热线电话:0371-56088038
首页 > 今日要闻 > 正文
在关闭期间,联邦监狱的紧张局势升级,因为疲惫的警卫没有工资,工作双班
发布日期:2019-01-11 14:36:41|来源:|责任编辑:admin
Brian Shoemaker站在弗吉尼亚州Pennington Gap的Lee Penitentiary面前。

 

©华盛顿邮报的Shawn Poynter / Brian Shoemaker站在弗吉尼亚州Pennington Gap的Lee Penitentiary面前。

星期五,监狱警卫Brian Shoemaker正在弗吉尼亚州西南部的Lee监狱的大厅巡逻,当时一名犯人试图挤过他进入禁区。在鞋匠告诉囚犯转身后,囚犯向他猛冲,向他猛击他的肩膀。

鞋匠没有受到重大伤害。但在部分政府关闭期间,他没有在美国最危险的联邦工作岗位上工作,这并没有让他感到懊恼。他和其他监狱工作人员的安全担心正在升级,因为16小时轮班变得日常工作,越来越多的警卫呼吁生病以抗议或从事边工作以支付账单。

订阅帖子最新时事通讯:今日华盛顿邮报上最受欢迎的故事

“我不认为我们应该受到那种事情的影响而且没有领到薪水,”48岁的舒梅克说,他是李监狱的一名17岁的老将。“我每天都走在这里做我的工作,这非常危险。”

鞋匠是被美国政府视为“必不可少的雇员”的36,000名联邦监狱工作人员之一,这意味着他应该在关闭期间报告工作,即使他在政府重新开放之前不会得到报酬。

即使这些员工应该工作,“华盛顿邮报”收到的包括李在内的10所监狱的工会官员表示,自关闭开始以来,没有上班的员工数量至少增加了一倍。

因此,惩教人员和其他监狱工作人员说,那些出现的人经常双班倒。秘书,看门人和老师们正在填补缺席的人员。根据一位工会官员的说法,至少有一所监狱 - 西弗吉尼亚州的Hazelton联邦惩教中心 - 自关闭以来,对军官的袭击次数有所增加。

Hazelton监狱的当地工会主席理查德•赫尔德雷斯说:“在停工期间,生病和休假的人数有所上升。” “出现的工作人员正在处理这种暴力事件,长时间工作和额外的加班工作,不确定的是我们什么时候会得到赔偿。”

惩教人员(通常称为监狱看守)在联邦雇员中是独一无二的,原因很多。每次报到工作时,他们都处于罕见的伤害,即使是他们的生命中。监狱工作人员也都付出那些在联邦执法工作的最低水平,与一间$ 40,000到$ 50,000个verage年薪。

许多 工作在没有公共交通的偏远乡村小镇,通勤往往每个小时或更长时间。监狱经常是这些乡镇的生命线。

众议员蒂姆瑞安(D-Ohio),其所在地区包括里斯本的联邦监狱,他表示,由于人员短缺,监狱的安全状况已经很脆弱,但自关闭以来,这些危险已经飙升。

“我确实知道焦虑程度正在上升,压力水平正在上升。它已经建设了一段时间。这使汽油着火,“周二参观监狱的瑞安说。

在伊斯特尔顿,这是一个高度安全的设施,10月份犯罪老板怀特·布尔格被囚犯杀害,这种情况非常紧张。

联盟和监狱官员表示,自上周五以来,有七名警官在三起事件中遭到袭击。没有一名警员受重伤。高安全性的监狱通常会看到许多人在整个过程中遭到攻击月, 赫尔德雷斯说。

监狱官员承认发生了三起事件,但未提供进一步评论。

Heldreth援引监狱提供的数据称,监狱中的警员和其他工作人员人数增加了四倍,从平均每天15至20名员工增加到每天约80人。Slide 5 of 49: Union members and other federal employees rally to call for an end to the partial government shutdown, Thursday, Jan. 10, 2019 at AFL-CIO Headquarters in Washington.

Slide 6 of 49: Sen. Mark Warner, D-Va., speaks to union members and other federal employees at a rally to call for an end to the partial government shutdown, Thursday, Jan. 10, 2019 at AFL-CIO Headquarters in Washington.
Slide 7 of 49: Union members and other federal employees rally to call for an end to the partial government shutdown, Thursday, Jan. 10, 2019 at AFL-CIO Headquarters in Washington.
Slide 8 of 49: Union members and other federal employees rally to call for an end to the partial government shutdown, Thursday, Jan. 10, 2019 at AFL-CIO Headquarters in Washington.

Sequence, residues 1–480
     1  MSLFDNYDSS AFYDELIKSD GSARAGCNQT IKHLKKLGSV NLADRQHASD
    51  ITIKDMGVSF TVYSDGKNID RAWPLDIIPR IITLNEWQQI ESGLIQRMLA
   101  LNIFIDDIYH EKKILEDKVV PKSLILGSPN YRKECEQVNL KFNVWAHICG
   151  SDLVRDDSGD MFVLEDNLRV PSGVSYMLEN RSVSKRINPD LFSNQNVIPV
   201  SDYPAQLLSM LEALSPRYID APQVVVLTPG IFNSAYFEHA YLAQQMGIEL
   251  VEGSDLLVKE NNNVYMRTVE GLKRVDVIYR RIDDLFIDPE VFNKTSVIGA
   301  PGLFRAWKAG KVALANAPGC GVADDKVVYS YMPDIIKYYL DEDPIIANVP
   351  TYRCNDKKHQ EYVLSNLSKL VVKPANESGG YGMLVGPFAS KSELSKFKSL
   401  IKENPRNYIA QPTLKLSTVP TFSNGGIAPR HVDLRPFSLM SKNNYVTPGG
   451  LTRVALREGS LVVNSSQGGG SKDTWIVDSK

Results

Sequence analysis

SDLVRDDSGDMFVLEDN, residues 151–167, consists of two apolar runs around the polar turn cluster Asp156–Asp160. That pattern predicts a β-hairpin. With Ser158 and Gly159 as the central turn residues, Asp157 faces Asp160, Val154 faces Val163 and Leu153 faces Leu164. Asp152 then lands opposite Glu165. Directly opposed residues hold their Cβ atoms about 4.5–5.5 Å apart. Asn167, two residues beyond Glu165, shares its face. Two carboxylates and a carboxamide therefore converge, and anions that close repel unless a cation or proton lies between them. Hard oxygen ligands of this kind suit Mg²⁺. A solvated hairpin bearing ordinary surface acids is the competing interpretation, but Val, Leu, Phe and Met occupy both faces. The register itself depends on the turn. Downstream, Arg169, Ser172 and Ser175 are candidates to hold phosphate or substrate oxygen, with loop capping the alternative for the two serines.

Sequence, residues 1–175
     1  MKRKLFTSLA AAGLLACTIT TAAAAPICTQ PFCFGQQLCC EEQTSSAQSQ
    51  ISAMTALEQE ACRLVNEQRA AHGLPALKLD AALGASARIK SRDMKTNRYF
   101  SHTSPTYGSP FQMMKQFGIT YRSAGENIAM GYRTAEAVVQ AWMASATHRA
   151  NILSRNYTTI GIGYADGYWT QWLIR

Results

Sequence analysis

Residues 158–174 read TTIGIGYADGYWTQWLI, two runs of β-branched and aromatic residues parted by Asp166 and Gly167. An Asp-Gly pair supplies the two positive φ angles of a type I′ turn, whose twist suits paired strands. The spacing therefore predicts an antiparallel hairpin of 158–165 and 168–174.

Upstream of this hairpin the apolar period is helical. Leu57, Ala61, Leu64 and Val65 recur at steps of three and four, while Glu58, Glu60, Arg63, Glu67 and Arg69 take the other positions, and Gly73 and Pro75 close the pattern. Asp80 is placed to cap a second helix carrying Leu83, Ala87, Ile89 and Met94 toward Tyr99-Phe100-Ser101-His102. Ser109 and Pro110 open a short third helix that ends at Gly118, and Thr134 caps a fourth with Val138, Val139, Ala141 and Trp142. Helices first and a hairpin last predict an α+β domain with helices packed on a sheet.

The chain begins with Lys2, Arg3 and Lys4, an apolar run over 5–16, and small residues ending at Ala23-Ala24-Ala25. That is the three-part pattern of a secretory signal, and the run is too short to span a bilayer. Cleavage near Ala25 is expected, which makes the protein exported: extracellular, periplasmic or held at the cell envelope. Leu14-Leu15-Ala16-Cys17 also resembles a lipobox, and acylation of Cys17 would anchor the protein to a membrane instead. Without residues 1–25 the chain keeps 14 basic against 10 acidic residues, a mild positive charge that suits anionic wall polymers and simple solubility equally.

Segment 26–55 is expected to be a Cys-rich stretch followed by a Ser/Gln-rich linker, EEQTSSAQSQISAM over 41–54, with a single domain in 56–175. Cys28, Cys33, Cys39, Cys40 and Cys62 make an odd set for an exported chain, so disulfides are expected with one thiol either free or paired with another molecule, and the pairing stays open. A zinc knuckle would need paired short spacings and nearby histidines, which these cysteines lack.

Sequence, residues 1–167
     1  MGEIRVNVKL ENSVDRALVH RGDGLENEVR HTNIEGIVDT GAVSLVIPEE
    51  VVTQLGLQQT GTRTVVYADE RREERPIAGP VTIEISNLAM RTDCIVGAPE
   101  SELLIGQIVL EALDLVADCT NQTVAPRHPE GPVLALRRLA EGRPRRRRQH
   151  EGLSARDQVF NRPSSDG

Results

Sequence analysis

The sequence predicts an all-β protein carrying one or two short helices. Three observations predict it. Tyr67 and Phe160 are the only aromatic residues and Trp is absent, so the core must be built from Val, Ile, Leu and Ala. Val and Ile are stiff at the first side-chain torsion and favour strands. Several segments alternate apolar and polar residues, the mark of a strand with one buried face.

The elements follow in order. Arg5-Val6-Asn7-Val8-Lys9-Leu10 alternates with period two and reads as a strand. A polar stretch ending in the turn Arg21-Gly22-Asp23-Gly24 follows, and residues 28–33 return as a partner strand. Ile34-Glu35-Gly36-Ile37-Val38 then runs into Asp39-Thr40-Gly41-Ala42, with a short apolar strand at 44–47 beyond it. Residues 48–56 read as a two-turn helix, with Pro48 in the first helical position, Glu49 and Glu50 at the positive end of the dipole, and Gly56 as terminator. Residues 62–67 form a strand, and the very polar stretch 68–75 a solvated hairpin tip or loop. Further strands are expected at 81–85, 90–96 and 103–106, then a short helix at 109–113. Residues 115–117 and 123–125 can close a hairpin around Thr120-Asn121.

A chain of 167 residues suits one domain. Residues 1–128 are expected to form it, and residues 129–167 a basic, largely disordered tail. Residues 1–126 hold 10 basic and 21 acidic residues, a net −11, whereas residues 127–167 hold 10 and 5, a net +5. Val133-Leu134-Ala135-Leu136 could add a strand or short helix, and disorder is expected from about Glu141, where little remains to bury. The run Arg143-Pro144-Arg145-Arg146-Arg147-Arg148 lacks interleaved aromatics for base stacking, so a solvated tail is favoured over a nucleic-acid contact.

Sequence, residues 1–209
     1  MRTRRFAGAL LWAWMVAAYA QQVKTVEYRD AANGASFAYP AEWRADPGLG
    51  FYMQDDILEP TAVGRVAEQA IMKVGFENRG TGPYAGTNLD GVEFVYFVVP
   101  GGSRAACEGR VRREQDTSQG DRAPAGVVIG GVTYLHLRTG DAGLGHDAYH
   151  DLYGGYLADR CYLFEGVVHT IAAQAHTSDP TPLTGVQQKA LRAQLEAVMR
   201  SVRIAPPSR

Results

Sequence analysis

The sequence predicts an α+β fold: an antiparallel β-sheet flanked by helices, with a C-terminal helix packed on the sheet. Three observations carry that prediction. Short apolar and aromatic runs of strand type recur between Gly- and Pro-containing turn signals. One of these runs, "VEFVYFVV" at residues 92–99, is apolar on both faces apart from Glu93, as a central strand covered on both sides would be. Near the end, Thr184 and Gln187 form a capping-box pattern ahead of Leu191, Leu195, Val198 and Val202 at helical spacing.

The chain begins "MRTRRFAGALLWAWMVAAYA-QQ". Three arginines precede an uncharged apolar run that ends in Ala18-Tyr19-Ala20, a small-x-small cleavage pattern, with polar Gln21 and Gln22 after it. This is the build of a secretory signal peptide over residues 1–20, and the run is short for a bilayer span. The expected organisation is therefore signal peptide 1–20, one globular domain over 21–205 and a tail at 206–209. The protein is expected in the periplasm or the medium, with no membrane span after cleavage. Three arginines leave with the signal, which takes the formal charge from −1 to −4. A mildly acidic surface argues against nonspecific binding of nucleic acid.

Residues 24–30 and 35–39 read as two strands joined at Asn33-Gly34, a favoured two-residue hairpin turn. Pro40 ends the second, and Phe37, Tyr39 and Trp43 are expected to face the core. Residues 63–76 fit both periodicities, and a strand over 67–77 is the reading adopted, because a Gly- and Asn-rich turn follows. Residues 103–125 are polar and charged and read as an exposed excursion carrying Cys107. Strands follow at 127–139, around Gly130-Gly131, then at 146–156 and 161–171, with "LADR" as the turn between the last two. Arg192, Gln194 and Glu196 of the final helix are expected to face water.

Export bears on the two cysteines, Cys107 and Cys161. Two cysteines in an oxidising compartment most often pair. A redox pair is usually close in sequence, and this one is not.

Slide 9 of 49: Union members and other federal employees rally to call for an end to the partial government shutdown, Thursday, Jan. 10, 2019 at AFL-CIO Headquarters in Washington.
Slide 10 of 49: A demonstrator holds a sign, signifying hundreds of thousands of federal employees who won’t be receiving their paychecks as a result of the partial government shutdown, during a “Rally to End the Shutdown” in Washington, U.S., January 10, 2019.
Slide 11 of 49: Union workers demonstrate against the government shutdown on January 10, 2019, in Washington, DC.
Slide 12 of 49: U.S. Senate Minority Leader Chuck Schumer and Speaker of the House Nancy Pelosi speak to the news media along with House Majority Leader Steny Hoyer (L) and Senate Minority Whip Dick Durbin (R-Rear) as they depart the West Wing after meeting with President Donald Trump about the U.S. government partial shutdown and his demand for a border wall in the Situation Room at the White House in Washington, U.S., January 9, 2019.
Slide 13 of 49: Vice President Mike Pence speaks to reporters with Secretary of Homeland Security Kirstjen Nielsen, House Minority Leader Kevin McCarthy, House Minority Whip Steve Scalise and U.S Senator John Thune (R-SD) after a meeting with President Donald Trump and Congressional Democrats about the U.S. government partial shutdown and the president
Slide 14 of 49: U.S. President Donald Trump talks to reporters as he stands with U.S. Senate Majority Leader Mitch McConnell, Vice President Mike Pence and other members of the Republican Senate leadership as the president departs after addressing a closed Senate Republican policy lunch while a partial government shutdown enters its 19th day on Capitol Hill in Washington, U.S., January 9, 2019.
Slide 15 of 49: U.S. Rep. Dwight Evans (D-PA 3rd District) speaks during a non-partisan rally protesting the Federal Government Shutdown at Independence Mall, in Philadelphia, PA, on January 8, 2019.
Slide 16 of 49: Furloughed federal workers and area elected officials hold a protest rally in front of Independence Hall on January 8, 2019 in Philadelphia, Pennsylvania.
Slide 17 of 49: Furloughed federal workers, joined by elected officials, hold up sings to protest the federal government shutdown during a non-partisan rally at Independence Mall, in Philadelphia, PA, on January 8, 2019.
Slide 18 of 49: Furloughed federal workers, joined by elected officials, hold up sings to protest the federal government shutdown during a non-partisan rally at Independence Mall, in Philadelphia, PA, on January 8, 2019.